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Posts Tagged ‘Gayle Lynds’

How to Write a Better Villain

How do you create a villain? We’ve rounded up some handy tips from around the literary world.

1. During her talk at CraftFest, suspense author Gayle Lynds said that “without a great villain, your hero has no one to play against.” She felt that all characters should be fully-developed human beings; heroes have to have flaws and “villains aren’t necessarily total monsters.”

2. Writer Kari Allen tweeted with this bit of advice on writing villains: “I heard Katherine Patterson speak recently and she said if you can’t find yourself in your villains, rewrite.”

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26 Thriller Writers Collaborate on Serial Novel for Charity

The new serial novel No Rest for the Dead features writing contributions by 25 thriller writers, including Sandra Brown, Jeffrey Deaver, R.L. StineGayle Lynds and Alexander McCall Smith. Novelist David Baldacci wrote the introduction to the charity novel.

Strand magazine managing editor Andrew Gulli and Lamia Gulli edited four-year project. Proceeds from the Simon & Schuster novel will be donated to the Leukemia and Lymphoma Society, honoring the memory of Andrew’s mother.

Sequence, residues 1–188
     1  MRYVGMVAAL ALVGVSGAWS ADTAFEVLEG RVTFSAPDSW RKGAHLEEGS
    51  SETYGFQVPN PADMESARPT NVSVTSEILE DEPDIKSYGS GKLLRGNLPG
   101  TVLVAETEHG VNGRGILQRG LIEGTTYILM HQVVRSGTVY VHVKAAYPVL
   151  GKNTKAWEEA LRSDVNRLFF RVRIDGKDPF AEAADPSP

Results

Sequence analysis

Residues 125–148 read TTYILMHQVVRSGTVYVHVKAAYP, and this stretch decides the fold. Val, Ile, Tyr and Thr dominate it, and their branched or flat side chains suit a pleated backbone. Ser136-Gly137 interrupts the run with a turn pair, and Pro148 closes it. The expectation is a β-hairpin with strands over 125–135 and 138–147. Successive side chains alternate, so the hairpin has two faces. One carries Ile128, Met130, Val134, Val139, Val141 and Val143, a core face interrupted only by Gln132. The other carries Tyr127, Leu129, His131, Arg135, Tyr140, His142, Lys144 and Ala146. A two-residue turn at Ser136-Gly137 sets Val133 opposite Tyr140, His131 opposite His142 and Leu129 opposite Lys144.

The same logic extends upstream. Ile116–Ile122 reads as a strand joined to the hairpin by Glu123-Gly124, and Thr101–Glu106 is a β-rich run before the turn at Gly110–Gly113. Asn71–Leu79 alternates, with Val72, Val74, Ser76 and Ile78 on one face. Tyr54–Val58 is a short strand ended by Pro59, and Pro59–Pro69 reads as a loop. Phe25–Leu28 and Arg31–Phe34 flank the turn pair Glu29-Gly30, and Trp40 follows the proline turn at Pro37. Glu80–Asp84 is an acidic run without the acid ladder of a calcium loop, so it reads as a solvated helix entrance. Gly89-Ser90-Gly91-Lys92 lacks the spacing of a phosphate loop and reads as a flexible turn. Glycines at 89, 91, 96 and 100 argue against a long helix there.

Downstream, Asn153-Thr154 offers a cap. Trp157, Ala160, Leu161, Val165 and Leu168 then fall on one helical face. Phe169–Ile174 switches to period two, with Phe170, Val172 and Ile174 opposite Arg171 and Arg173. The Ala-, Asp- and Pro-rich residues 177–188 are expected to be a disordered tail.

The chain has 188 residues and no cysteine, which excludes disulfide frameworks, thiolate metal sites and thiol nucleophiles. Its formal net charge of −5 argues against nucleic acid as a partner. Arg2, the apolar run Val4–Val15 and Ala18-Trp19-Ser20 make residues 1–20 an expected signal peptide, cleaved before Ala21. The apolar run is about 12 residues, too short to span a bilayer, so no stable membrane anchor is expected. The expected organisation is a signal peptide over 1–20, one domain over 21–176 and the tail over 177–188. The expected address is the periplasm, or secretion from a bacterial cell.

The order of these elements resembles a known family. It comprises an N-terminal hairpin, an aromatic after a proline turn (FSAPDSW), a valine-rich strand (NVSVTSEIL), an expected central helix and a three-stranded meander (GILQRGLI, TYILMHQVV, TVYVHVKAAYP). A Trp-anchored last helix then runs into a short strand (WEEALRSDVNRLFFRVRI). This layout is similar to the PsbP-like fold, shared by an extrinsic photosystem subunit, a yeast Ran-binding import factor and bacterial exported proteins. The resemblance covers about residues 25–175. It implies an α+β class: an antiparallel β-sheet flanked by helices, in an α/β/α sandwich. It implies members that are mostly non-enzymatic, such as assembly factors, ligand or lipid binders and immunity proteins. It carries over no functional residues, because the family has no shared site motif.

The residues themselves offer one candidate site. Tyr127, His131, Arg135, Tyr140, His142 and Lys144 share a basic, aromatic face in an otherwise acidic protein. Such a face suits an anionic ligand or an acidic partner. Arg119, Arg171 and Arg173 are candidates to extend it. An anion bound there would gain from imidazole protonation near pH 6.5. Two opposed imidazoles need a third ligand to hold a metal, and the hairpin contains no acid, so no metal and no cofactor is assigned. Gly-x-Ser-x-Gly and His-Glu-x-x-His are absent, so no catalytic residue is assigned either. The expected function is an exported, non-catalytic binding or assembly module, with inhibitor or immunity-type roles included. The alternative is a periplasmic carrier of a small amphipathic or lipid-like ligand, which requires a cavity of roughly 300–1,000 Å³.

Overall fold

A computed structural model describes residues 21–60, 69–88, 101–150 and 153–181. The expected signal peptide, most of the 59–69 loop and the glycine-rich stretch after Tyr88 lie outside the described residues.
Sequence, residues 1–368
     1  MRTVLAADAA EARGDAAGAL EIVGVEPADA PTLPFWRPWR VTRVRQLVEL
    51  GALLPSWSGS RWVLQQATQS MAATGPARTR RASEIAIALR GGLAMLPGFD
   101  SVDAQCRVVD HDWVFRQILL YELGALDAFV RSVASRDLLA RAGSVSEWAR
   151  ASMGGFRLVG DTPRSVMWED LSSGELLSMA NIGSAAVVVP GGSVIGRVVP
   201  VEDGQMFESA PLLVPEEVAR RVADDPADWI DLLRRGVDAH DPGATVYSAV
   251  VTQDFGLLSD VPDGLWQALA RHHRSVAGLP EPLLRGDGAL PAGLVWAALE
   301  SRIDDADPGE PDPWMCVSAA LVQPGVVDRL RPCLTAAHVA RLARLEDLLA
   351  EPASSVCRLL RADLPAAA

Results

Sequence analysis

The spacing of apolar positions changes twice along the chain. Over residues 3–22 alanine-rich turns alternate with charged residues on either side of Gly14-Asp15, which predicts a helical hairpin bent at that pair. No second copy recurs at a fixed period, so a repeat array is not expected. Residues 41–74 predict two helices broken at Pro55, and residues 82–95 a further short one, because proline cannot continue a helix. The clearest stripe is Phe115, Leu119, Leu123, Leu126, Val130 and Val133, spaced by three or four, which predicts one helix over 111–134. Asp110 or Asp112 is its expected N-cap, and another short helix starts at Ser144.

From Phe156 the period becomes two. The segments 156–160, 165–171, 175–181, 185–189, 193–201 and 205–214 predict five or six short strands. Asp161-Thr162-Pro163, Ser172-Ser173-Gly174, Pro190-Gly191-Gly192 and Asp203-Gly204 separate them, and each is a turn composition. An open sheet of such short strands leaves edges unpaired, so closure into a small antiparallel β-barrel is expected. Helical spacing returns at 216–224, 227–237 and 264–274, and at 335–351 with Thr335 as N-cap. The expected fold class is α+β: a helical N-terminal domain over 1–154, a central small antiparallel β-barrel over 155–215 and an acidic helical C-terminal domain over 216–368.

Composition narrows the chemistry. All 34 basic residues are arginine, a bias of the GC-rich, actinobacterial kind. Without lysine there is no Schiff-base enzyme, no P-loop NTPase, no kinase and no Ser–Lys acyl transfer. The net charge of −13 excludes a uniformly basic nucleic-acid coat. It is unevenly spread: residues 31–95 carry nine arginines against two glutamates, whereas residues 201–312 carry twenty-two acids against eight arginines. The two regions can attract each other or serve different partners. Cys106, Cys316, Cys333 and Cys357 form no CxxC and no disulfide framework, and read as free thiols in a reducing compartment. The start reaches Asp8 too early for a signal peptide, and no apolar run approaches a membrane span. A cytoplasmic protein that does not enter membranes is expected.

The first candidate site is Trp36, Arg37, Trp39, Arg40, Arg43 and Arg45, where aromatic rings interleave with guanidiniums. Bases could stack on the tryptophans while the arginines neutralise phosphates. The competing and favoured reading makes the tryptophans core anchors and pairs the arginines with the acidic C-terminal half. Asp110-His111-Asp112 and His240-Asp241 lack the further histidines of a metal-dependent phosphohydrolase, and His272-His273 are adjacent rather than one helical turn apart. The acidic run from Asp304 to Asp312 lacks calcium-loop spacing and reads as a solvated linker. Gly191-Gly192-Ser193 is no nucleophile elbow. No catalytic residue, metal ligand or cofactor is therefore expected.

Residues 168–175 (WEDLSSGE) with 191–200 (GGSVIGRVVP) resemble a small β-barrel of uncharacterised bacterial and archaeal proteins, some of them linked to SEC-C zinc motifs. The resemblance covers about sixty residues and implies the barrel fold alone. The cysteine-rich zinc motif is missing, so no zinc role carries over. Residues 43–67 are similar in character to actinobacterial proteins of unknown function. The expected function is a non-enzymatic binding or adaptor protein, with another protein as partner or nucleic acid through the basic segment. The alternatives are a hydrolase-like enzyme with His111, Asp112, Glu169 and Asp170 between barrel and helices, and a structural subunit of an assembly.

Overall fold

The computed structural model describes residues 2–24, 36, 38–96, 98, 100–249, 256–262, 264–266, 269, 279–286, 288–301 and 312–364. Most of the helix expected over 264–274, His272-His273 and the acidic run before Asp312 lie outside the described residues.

Here’s more about the serial novel: “When Christopher Thomas, a ruthless curator at San Francisco’s McFall Art Museum, is murdered and his decaying body is found in an iron maiden in a Berlin museum, his wife, Rosemary, is the primary suspect, and she is tried, convicted and executed. Ten years later, Jon Nunn, the detective who cracked the case, is convinced that the wrong person was put to death.”

Gayle Lynds & The Steps To Suspense

At CraftFest, the writing school component of ThrillerFest in New York City, novelist Gayle Lynds shared “The Seven Steps to Suspense” in fiction.

For one step, Lynds (pictured, via) focused on mood and description in a novel. She advised authors to always be aware of a story’s mood, warning that “writers sometimes ruin a book by adding a lighthearted mood at the wrong moment.”

Lynds also offered two pieces of advice for mastering the thriller mood. First, read and study 50 suspense novels. Then grab another twenty books from different genres (i.e. romance, historical, literary, etc.) and pay special attention to the opening scenes. You will soon recognize the specific mood of each genre.

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Gayle Lynds: Never Make Fun of Your Villains

gayle82.jpgDuring the Craftfest portion of Thrillerfest 2010, novelist Gayle Lynds outlined “Nine Secrets to Writing Bestselling Thrillers.”

This editor especially appreciated her tips on the art of thriller villainy. “The villain drives the plot. I’ve seen unpublished manuscripts where the writer doesn’t know they are making fun of the villain–but they are,” explained Lynds. The author of The Last Spymaster cited toupees and bad accents as classic characteristics that spoil crooks in thrillers.

“If you aren’t afraid of your villain, how can your hero be afraid?” she asked. After villains, she moved to the topic of violence. “If you are writing a thriller with violence in it, the ending must be violent,” she explained. “You are delivering a promise to your reader.”

Finally, after all her talk about the darkside, she urged a roomful of writers never to give up. “Do you love this story?” she asked one frustrated author. “If you love it, then you’ve got to write it.”